The Dreamer by Pam Munoz Ryan (Brief Thoughts)

Neftalí is a dreamer, always looking for objects to treasure. When special things happen to him, his imagination takes him away on a wave or a cloud. But his father constantly berates him, calling him an absent-minded idiot. As Neftalí grows, he finds that the poetry he sees in the world around him must escape in words. Despite his father’s wishes, he is a poet.

Part biography and part celebration of art, The Dreamer by Pam Munoz Ryan is written for middle grade readers and tells the true story of the childhood of the Nobel-Prize winning poet, Pablo Neruda. Not only does The Dreamer urge children to be what they can be, even if parents or peers are discouraging them, it also opens up the world of poetry. Everyday things, from a pinecone to a caterpillar, become magical when one sees them through a new lens.

Besides that, by reading about this boy, children relate to an historical poet. Ms Ryan’s afterword includes a few semi-autobiographical poems by Neruda. Reading the book as an adult has inspired me to read more Neruda; I can only imagine the young reader’s response would likewise include some interest. Neftalí is such a likeable character.

I read The Dreamer (published 2010 buy Scholastic) after reading Pam Allyn’s suggestion for it in Your Children’s Writing Life. I second the suggestion. I found it to be a wonderful story as well as an inspiring one that may help children gain an interest in poetry.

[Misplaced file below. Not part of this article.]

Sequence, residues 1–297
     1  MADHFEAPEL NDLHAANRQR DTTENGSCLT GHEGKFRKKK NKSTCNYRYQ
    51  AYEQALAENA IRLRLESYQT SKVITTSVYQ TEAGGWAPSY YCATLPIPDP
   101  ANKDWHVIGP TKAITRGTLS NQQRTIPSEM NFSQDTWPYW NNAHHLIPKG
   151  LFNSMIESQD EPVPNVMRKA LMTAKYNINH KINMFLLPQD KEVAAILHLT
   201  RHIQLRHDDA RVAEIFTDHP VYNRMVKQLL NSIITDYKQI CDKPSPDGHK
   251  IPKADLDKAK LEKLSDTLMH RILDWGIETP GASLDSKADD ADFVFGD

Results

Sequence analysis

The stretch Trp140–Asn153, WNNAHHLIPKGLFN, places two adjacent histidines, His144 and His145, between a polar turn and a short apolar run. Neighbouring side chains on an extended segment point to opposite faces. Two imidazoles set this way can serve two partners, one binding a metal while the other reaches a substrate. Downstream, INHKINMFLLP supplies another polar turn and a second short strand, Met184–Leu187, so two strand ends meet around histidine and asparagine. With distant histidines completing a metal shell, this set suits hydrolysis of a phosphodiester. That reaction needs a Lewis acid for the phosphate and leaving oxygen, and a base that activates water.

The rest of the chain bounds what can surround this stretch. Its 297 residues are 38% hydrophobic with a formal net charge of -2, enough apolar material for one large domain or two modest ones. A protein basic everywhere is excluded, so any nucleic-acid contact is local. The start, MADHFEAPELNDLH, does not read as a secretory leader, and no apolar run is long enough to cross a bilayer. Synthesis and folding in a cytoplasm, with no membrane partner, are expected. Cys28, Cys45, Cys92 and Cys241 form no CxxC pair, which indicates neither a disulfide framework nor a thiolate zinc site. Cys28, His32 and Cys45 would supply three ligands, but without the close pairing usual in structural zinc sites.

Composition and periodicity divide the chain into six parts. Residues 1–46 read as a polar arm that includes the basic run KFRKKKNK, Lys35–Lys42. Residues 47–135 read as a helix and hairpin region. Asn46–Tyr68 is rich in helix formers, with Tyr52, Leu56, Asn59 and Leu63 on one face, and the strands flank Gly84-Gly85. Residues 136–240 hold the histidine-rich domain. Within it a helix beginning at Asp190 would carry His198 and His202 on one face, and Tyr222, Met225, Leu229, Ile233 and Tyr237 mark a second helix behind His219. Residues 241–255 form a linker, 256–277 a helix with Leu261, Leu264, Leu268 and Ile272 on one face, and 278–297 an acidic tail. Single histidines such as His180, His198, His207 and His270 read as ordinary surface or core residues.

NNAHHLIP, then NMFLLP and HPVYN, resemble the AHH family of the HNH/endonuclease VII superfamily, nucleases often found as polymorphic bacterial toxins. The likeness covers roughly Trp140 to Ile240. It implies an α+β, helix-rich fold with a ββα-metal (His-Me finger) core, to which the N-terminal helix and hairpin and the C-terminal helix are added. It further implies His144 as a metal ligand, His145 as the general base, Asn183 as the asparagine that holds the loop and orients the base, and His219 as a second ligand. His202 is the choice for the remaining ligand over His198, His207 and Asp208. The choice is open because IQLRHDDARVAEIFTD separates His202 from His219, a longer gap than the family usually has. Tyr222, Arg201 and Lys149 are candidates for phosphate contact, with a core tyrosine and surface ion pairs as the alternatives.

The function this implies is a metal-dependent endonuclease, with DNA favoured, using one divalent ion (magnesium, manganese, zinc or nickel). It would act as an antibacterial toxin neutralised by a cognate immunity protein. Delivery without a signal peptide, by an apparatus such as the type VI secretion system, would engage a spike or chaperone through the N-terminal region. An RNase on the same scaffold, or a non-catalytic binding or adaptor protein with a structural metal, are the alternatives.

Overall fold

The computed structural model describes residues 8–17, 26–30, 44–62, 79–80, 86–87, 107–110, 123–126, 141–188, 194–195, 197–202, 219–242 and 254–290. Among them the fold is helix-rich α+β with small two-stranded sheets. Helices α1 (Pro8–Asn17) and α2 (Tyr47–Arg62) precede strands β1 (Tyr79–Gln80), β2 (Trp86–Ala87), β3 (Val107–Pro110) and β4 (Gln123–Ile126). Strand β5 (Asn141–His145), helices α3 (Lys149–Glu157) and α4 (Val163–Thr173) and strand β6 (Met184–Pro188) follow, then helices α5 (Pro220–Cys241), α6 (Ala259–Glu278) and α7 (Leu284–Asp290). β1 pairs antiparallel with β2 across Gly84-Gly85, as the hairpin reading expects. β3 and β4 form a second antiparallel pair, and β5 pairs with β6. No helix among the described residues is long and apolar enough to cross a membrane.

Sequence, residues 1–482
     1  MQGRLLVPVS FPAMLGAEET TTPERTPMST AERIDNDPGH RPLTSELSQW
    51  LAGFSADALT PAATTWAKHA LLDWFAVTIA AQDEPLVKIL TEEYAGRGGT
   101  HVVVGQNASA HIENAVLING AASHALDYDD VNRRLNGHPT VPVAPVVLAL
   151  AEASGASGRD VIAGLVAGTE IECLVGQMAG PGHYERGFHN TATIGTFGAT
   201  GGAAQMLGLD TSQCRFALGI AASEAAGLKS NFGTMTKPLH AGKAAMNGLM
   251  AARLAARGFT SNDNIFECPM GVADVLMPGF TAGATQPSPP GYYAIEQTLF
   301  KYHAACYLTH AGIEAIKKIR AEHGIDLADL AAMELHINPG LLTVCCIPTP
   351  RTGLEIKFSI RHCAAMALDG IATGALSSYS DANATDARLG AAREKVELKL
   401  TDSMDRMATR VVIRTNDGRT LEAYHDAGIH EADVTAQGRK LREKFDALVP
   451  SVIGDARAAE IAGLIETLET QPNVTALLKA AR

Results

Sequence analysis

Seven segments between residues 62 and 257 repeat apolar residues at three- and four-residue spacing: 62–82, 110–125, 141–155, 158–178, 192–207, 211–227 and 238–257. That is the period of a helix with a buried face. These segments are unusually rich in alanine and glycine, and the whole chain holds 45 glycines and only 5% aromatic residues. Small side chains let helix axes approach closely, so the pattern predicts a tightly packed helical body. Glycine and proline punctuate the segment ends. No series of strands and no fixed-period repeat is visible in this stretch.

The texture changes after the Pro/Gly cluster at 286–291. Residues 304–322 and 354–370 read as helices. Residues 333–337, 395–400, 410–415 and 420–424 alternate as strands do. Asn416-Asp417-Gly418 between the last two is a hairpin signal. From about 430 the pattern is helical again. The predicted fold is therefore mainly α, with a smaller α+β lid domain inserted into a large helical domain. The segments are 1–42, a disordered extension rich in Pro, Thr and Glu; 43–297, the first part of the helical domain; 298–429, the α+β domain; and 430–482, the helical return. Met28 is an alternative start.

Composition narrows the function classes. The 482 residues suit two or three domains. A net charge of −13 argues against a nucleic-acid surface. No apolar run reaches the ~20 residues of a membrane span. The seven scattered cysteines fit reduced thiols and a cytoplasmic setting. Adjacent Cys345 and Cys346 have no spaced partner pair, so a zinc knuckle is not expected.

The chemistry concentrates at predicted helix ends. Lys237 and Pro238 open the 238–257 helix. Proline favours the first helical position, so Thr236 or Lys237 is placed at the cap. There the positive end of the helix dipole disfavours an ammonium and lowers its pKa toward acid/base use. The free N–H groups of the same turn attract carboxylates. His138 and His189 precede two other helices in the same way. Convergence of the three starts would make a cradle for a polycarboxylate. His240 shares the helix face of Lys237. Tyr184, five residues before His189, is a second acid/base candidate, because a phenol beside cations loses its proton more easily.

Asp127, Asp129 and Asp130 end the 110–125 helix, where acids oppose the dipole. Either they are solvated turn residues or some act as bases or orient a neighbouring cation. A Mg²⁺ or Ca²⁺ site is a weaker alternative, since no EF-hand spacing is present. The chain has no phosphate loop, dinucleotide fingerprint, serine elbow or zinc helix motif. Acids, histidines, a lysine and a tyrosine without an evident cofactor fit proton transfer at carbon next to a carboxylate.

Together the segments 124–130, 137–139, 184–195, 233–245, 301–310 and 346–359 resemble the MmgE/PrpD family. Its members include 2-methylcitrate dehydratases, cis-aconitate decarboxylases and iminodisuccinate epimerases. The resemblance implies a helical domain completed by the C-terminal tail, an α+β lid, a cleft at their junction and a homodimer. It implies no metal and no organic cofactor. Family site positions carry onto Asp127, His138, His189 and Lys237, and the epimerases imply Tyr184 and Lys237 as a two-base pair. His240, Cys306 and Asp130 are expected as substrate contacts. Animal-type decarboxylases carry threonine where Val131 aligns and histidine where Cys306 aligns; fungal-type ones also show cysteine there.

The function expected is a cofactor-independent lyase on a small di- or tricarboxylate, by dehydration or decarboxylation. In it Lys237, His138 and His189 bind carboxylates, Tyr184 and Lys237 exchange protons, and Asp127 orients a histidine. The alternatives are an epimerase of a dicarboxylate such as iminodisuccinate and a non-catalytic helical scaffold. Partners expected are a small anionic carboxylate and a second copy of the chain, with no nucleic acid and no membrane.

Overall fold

About the author 

Rebecca Reid

Rebecca Reid is a homeschooling, stay-at-home mother seeking to make the journey of life-long learning fun by reading lots of good books. Rebecca Reads provides reviews of children's literature she has enjoyed with her children; nonfiction that enhances understanding of educational philosophies, history and more; and classical literature that Rebecca enjoys reading.

  1. I really liked your thoughts. Hopefully with some encouragement from parents, teachers, or a librarian, this book will make it into lots of little hands and inspire them. Definitely made me want to read Neruda’s poetry, and I don’t generally like poetry 🙂

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